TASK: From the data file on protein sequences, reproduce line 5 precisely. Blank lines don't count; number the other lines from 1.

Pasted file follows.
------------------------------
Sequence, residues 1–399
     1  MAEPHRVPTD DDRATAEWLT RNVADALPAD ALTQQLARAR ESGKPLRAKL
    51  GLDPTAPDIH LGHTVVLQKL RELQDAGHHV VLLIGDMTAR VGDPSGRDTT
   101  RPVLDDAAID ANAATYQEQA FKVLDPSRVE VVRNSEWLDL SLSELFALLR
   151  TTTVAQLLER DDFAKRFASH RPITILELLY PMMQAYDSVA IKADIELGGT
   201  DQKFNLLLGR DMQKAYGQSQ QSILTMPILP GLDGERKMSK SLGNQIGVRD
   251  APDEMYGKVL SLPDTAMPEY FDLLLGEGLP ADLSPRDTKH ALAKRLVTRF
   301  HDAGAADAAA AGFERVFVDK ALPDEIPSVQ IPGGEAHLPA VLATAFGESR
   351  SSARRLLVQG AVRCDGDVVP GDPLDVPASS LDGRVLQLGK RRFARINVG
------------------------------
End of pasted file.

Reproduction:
   151  TTTVAQLLER DDFAKRFASH RPITILELLY PMMQAYDSVA IKADIELGGT